• Define Team Roles: If everyone knows what they are supposed to do, it makes it harder for things to fall through the cracks.
  • Specify Deliverables: Make sure everyone is clear on the key deliverables that the workflow should produce. This eliminates confusion and also allows you to reflect on the workflow’s utility.
  • Be Collaborative: Fostering a collaborative working environment will help keep communication smooth and eliminate bottlenecks.
  • Look for Automation Opportunities: Being able to automate parts of the workflow makes your team more efficient, and reduces time spent on menial, repetitive tasks, so you can focus on the work that matters most.
  • Continually Review Your Workflow: Host regular reviews to identify (and solve) issues, as well as additional automation opportunities.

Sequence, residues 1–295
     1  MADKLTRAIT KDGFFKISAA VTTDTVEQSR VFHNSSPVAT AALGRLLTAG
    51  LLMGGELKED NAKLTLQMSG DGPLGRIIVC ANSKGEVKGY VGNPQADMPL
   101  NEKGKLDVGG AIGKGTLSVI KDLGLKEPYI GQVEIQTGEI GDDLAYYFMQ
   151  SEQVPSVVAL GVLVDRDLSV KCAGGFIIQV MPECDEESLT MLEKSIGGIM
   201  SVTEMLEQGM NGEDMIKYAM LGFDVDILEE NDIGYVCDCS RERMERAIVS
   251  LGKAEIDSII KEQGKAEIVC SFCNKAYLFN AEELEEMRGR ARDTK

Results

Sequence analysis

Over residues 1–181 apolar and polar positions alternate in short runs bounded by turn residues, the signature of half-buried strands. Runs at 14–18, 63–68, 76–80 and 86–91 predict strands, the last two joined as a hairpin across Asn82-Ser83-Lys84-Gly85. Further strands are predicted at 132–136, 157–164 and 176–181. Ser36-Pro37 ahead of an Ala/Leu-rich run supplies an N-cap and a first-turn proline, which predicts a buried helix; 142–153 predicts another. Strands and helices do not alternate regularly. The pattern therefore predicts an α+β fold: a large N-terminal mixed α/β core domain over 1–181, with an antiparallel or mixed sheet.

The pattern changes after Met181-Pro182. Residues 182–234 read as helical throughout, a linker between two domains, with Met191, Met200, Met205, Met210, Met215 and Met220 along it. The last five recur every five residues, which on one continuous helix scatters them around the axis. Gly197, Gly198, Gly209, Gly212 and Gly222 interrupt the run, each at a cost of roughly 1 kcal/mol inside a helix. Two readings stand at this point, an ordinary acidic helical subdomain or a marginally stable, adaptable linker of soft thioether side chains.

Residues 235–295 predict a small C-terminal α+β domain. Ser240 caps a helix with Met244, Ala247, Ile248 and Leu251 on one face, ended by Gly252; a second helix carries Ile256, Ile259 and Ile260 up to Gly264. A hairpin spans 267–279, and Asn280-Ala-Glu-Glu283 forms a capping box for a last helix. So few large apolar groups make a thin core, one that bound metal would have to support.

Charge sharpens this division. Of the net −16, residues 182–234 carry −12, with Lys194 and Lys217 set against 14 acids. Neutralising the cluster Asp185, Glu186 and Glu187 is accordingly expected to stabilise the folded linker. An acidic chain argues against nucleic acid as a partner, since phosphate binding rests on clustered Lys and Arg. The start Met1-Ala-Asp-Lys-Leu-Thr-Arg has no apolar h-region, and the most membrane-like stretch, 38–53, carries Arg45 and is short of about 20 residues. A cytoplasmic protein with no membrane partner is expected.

Final Tips for Workflow Planning

If you decide to create your own workflow, here a few final considerations for getting the most out of it:

  • How many workflow steps do you need?
  • Who needs to know what and at what point(s) in the flow?
  • Who will participate in the workflow?
  • Who must approve transitions or steps?
  • Do users need to have multiple options at each step or junction?
  • Do users need to provide information at a transition (and if so, to who)?

The Evolution of Workflow Planning

Although much of workflow improvement theory may seem obvious to us today (i.e., the idea that it is important to analyze the cause of bottlenecks), it continued to be debated and tested in the 1960s and through the remainder of the 20th century.

Below are some frameworks that build upon the original idea of workflows: